This successful panel and discussion led to an unexpected and truly exciting opportunity. Our panel was called upon by about 25 parliamentarians participating at the forum to give a separate presentation to this honorable group. This meant we could disseminate our work to the people who are actually advocating for vaccines in low- and middle-income countries. What an opportunity! We took to this occasion with enthusiasm and received feedback from the parliamentarians that confirmed they need evidence in dollar values to take to their ministers of finance. Many members of parliament in the room said they were glad to be armed with more evidence they can use to advocate for vaccines. We truly hope this type of engagement will continue with parliamentarians beyond this forum.
At IVAC we pride ourselves on being able to create, model and develop evidence that could be used in decision-making. Last week I witnessed that the evidence we develop indeed matters to audiences who use it to advocate for improvements in child health. Beyond the opportunity to share our evidence with parliamentarians and receive their feedback, I saw the economic evidence we developed put to use in advocacy materials such as an infographic created by the United Nations Foundation’s Shot@Life campaign.
One statement at the forum stuck with me: “Advocacy without evidence is just opinion.” I look forward to continuing to build the economic evidence that can be used by advocates – work that truly matters to saving children’s lives.
Sachiko Ozawa, PhD, MHS, is an Assistant Scientist with Johns Hopkins University Bloomberg School of Public Health and IVAC.
By Dr. Kate O'Brien
This week, IVAC staff have had the privilege to participate in the GAVI Alliance Partners’ Forum in Dar es Salaam, Tanzania. This could not be a more fitting choice of location, as a country that has shown remarkable leadership and commitment to vaccines for children. Yesterday (December 6th) marked the dual launch of rotavirus vaccine and pneumococcal conjugate vaccine in Tanzania, the second country to have undertaken such a dual launch (Ghana being the first).
The Partners’ Forum brings together in one place the truly remarkable range of partners that make up the Alliance including civil society organizations, UNICEF, WHO, GAVI-country representatives, donor country representatives, the Bill & Melinda Gates Foundation, vaccine manufacturers, the World Bank, the Pan American Health Organization (PAHO) and many others, coordinated in their efforts through the leadership of the Secretariat. IVAC, and numerous other technical and academic groups, are counted among these valued GAVI partners producing work that really does move the needle.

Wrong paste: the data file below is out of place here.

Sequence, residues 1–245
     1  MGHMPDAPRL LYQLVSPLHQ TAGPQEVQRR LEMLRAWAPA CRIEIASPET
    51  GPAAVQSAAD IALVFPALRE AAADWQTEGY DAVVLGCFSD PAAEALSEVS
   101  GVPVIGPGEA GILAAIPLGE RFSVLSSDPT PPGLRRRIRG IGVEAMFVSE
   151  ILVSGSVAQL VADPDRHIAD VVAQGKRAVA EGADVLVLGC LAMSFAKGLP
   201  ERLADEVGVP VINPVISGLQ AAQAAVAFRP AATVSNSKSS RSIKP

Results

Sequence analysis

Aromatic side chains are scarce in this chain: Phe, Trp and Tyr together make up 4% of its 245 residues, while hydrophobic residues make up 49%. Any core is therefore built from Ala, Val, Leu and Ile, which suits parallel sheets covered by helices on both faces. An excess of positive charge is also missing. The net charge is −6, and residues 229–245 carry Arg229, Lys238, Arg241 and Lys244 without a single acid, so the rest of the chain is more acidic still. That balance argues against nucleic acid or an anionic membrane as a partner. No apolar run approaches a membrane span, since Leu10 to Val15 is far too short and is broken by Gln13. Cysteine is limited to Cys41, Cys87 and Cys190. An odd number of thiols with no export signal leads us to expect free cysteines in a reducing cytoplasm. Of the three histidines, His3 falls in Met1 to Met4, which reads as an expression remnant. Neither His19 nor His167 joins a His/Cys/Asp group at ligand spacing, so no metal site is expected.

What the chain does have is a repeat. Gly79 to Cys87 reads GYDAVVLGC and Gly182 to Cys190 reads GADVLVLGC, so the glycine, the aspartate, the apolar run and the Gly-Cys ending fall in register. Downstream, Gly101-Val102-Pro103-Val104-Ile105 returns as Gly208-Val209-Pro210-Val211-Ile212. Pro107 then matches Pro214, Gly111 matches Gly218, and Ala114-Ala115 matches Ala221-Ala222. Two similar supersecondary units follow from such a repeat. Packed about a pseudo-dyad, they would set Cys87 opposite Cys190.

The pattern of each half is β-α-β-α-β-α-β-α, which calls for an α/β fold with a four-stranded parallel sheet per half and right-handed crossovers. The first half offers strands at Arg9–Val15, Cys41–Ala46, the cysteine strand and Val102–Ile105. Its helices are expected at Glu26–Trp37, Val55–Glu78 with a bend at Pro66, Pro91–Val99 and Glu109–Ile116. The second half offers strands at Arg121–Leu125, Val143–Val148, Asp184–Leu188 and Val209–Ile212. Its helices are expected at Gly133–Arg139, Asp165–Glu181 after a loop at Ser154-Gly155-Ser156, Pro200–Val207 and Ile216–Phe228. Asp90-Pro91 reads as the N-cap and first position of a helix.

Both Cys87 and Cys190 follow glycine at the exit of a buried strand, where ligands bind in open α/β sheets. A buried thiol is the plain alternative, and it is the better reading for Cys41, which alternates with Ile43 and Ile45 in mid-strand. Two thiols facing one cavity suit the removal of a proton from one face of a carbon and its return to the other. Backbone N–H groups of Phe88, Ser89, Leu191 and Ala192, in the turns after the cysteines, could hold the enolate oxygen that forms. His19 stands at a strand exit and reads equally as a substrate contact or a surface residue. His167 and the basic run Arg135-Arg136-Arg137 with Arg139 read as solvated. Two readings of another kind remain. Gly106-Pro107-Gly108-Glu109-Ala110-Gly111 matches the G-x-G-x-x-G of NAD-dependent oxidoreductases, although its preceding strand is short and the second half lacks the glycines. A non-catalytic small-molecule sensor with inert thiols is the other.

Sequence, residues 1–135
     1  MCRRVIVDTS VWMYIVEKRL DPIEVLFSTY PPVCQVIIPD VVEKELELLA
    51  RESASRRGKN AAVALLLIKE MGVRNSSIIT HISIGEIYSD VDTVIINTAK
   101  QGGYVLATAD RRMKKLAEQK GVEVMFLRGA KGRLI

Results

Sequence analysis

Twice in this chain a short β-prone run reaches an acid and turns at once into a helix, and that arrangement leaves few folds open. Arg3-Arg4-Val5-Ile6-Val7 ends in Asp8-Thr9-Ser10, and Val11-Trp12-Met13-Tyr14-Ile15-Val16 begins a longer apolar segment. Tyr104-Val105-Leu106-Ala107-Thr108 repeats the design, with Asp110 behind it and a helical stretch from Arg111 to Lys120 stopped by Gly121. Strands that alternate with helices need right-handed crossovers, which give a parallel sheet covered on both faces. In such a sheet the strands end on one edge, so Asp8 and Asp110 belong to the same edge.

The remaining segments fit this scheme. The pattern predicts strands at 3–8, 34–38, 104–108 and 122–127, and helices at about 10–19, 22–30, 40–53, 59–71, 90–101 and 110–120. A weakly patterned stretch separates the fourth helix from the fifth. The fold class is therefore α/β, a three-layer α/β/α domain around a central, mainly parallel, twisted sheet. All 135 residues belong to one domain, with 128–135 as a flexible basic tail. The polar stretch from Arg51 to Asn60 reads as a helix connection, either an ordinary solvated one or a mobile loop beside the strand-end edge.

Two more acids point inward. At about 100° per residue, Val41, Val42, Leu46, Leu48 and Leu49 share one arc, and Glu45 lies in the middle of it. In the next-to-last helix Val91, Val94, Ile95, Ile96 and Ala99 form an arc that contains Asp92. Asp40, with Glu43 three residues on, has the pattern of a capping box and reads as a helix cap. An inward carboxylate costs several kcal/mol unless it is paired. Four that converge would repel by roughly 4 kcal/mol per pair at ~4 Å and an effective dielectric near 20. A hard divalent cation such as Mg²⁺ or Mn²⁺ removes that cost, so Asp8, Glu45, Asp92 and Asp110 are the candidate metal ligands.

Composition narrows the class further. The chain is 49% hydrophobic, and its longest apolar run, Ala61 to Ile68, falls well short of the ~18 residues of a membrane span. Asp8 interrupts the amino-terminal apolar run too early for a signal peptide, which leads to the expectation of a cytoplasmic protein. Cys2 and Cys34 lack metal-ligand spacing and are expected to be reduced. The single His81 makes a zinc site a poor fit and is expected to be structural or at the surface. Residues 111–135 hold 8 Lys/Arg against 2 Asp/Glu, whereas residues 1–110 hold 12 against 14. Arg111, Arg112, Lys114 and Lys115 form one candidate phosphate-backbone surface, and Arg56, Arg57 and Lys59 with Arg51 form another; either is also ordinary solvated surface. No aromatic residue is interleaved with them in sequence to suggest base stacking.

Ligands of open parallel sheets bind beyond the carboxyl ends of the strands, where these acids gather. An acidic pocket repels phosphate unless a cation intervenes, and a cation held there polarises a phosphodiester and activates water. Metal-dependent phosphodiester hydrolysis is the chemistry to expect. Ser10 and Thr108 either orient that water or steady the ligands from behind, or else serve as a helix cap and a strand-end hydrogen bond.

The theme of this Partners’ Forum is RISE, highlighting Results, Innovation, Sustainability and Equity – four themes that resonate for us at IVAC. I want to particularly focus on the results, without which there is nothing upon which to base innovation, nothing to sustain and nothing driving an insistence on equity.
Throughout this Forum we have seen the power of evidence to propel sound decision-making and commitments that are saving lives and reducing suffering around the world. We saw the power of pneumococcal conjugate vaccine disease impact data from Kenya where in just two years of vaccine use, vaccine type pneumococcal disease is becoming vanishingly rare. We also saw the compelling case for vaccines through the promise of over $150 billion of economic benefits gained over 10 years through improved health by vaccination. And we saw the reassurance of real-world performance and safety evaluations for rotavirus and pneumococcal vaccines in settings around the world where the vaccines are most needed.
Photo Credit: Excerpt from Shot at Life's Economic Value of Vaccination Infographic. Based on Decades of Vaccine Economics (DoVE) research from IVAC showing that increasing access to coverage with new and existing vaccines can yield substantial health and economic benefits (Stack, et al. Health Affairs - June 2011).
These results meaningfully strengthen the foundation of evidence on which these vaccines stand. Speaking for themselves, these data bring renewed energy, commitment and resolve that the extraordinary effort by hundreds of thousands of community health workers, nurses and doctors to get these vaccines into children, on time for every dose, will indeed deliver results.
IVAC is proud to have collaborated with various organizations, both in country and internationally, to generate the results highlighted above. These particular studies are a great example of how we all stand shoulder to shoulder with our partners, and our partners’ partners, to make vaccines real for children, families and communities. Through the GAVI Alliance we have had the opportunity to work in trusted collaboration with PATH, CDC, Aga Khan University, University of Witwatersrand, Norwegian Institute of Public Health, KEMRI Wellcome Trust, WHO, PAHO, MRC Gambia, South Africa’s National Institute of Communicable Disease, and many other institutions on projects, studies, evaluations, trainings, and assessments that are all delivering directly on our shared vaccine mission.
This Partners’ Forum has been a focused opportunity to see compelling results make a difference. It is really happening. As we contemplate what it will take to assure every child is not just vaccinated but fully vaccinated, I urge us all to lean forward together in this effort to ensure change happens.
We at IVAC are committed to Rising to the Challenge with all of you.
Kate O’Brien, MD, MPH is Acting Director of IVAC. A pediatric infectious disease physician, epidemiologist and vaccinologist, she previously served as Deputy Director of IVAC. She also serves as Associate Director of the Center for American Indian Health.